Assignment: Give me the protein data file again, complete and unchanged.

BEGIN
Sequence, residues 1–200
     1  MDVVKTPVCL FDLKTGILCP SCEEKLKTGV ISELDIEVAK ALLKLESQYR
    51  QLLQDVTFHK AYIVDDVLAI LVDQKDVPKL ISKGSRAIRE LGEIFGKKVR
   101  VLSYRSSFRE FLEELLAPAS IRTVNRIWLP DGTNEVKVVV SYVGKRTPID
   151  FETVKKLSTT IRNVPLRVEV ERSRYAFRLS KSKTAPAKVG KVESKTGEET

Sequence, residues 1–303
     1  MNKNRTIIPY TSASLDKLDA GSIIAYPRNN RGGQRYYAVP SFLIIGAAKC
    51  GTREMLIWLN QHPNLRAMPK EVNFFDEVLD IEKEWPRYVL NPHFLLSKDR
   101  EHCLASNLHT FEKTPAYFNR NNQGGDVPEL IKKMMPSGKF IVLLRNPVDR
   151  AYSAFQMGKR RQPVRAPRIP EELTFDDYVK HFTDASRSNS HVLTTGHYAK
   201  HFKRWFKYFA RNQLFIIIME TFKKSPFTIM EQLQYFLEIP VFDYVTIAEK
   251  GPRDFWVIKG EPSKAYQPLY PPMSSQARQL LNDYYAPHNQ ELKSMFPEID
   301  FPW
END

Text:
Sequence, residues 1–200
     1  MDVVKTPVCL FDLKTGILCP SCEEKLKTGV ISELDIEVAK ALLKLESQYR
    51  QLLQDVTFHK AYIVDDVLAI LVDQKDVPKL ISKGSRAIRE LGEIFGKKVR
   101  VLSYRSSFRE FLEELLAPAS IRTVNRIWLP DGTNEVKVVV SYVGKRTPID
   151  FETVKKLSTT IRNVPLRVEV ERSRYAFRLS KSKTAPAKVG KVESKTGEET

Sequence, residues 1–303
     1  MNKNRTIIPY TSASLDKLDA GSIIAYPRNN RGGQRYYAVP SFLIIGAAKC
    51  GTREMLIWLN QHPNLRAMPK EVNFFDEVLD IEKEWPRYVL NPHFLLSKDR
   101  EHCLASNLHT FEKTPAYFNR NNQGGDVPEL IKKMMPSGKF IVLLRNPVDR
   151  AYSAFQMGKR RQPVRAPRIP EELTFDDYVK HFTDASRSNS HVLTTGHYAK
   201  HFKRWFKYFA RNQLFIIIME TFKKSPFTIM EQLQYFLEIP VFDYVTIAEK
   251  GPRDFWVIKG EPSKAYQPLY PPMSSQARQL LNDYYAPHNQ ELKSMFPEID
   301  FPW